Mean = TOTAL of values/ NUMBER of values 

Median = MIDDLE value

Mode = MOST common value

Range = How far from the BIGGEST to the SMALLEST value

Let’s say you’re the teacher, and you want to get a feel for how well your class is learning. You assign them an assessment, and after marking the papers you create a list with all the students in order from the highest score, to the lowest score.

If you have 28 students in your class, then the score of the 14th student in your list (the one right in the middle) will be the median score for your class.

So the median is the score half way down the list, once you’ve arranged it in order. Now, let’s say the median score is 60% - how closely does that represent the average performance of the group? Did most people score around 60%, or actually did loads of people score 90%, and another bunch score around 25%? There’s a way of working this out.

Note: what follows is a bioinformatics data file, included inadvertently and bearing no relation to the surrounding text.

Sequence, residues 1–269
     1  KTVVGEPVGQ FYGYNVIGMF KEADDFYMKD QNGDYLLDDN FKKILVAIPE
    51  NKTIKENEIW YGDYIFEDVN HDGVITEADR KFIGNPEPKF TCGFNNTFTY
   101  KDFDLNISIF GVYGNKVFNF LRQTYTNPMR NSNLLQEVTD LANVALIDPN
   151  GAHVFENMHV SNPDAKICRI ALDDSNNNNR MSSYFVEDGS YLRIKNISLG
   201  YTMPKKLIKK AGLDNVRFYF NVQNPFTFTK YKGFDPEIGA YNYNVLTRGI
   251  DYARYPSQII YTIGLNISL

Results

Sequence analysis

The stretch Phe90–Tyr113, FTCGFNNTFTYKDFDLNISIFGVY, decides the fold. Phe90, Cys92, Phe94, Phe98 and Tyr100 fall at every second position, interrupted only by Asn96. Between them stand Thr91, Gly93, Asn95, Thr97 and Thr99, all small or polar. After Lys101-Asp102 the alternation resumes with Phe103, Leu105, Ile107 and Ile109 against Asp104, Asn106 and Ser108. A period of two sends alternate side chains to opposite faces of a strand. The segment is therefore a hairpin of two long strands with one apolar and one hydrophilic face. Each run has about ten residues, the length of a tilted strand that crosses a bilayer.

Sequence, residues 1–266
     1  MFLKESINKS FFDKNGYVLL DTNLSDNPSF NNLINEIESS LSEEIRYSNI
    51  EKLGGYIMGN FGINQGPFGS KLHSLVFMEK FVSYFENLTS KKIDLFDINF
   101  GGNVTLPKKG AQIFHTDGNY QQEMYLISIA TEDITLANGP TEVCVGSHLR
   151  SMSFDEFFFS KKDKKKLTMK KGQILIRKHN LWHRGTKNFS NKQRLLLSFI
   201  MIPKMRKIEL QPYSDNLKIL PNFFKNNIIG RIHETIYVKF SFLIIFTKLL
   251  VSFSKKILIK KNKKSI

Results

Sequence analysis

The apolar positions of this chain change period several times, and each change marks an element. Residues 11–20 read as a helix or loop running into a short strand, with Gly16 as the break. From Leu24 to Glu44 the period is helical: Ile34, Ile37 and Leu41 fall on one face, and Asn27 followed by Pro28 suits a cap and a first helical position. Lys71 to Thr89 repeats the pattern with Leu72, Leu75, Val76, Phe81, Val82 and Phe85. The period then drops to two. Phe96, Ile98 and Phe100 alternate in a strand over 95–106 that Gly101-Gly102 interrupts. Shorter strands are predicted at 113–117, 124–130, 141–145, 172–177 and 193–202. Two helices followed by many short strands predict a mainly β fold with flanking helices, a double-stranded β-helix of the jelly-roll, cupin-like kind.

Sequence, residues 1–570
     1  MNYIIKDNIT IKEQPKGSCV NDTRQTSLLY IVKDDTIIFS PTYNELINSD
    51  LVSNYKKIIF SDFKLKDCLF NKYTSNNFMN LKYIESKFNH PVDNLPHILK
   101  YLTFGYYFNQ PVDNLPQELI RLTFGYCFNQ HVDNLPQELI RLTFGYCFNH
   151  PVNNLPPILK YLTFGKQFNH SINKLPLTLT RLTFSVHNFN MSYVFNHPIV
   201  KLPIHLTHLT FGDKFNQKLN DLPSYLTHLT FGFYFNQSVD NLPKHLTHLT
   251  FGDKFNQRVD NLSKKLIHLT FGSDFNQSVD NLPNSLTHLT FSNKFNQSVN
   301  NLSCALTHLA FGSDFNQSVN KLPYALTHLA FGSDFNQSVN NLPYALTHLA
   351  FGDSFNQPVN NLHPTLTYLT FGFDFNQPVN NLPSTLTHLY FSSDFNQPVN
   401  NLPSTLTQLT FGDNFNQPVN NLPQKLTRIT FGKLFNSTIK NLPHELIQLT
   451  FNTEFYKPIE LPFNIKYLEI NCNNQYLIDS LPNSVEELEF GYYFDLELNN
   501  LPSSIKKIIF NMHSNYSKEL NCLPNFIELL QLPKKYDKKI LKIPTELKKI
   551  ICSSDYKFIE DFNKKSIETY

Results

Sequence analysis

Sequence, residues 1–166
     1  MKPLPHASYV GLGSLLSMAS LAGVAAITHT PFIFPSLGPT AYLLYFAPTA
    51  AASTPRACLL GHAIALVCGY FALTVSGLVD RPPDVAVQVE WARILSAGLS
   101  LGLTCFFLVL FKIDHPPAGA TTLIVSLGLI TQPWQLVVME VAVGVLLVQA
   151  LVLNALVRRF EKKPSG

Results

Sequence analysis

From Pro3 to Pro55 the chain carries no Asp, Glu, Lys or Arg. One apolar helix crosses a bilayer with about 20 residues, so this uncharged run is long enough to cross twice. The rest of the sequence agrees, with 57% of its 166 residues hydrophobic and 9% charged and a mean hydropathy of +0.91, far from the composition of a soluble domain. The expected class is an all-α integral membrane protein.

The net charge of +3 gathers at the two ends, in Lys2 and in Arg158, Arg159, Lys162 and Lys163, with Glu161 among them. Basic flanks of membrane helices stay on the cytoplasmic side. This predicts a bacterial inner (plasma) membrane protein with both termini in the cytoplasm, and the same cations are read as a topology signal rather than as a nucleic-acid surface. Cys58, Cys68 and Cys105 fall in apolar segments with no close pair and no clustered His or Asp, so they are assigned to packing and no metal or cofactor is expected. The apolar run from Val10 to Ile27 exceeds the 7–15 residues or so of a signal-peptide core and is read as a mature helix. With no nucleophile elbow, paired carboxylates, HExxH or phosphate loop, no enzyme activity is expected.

If you look closer to the bottom of the list, towards the lower scores, and select the student who’s a quarter of the way up, their score would be the lower-quartile. In this case, the score of student number 7 would be the lower quartile for the class.

There’s an upper quartile as well. This is the score of the student who’s three quarters of the way up the list, near the top. For this class, the upper quartile is student number 21’s score.

The range for the class is the highest score minus the lowest score.

The inter-quartile range (IQR) for the class is the upper quartile minus the lower quartile.

The IQR tells you how accurate well the median value represents the who class performance. If the IQR is very small, that means most people scored around 60%. If the IQR is very large, however, then that means lots of people scored much higher, or lower, than 60%.

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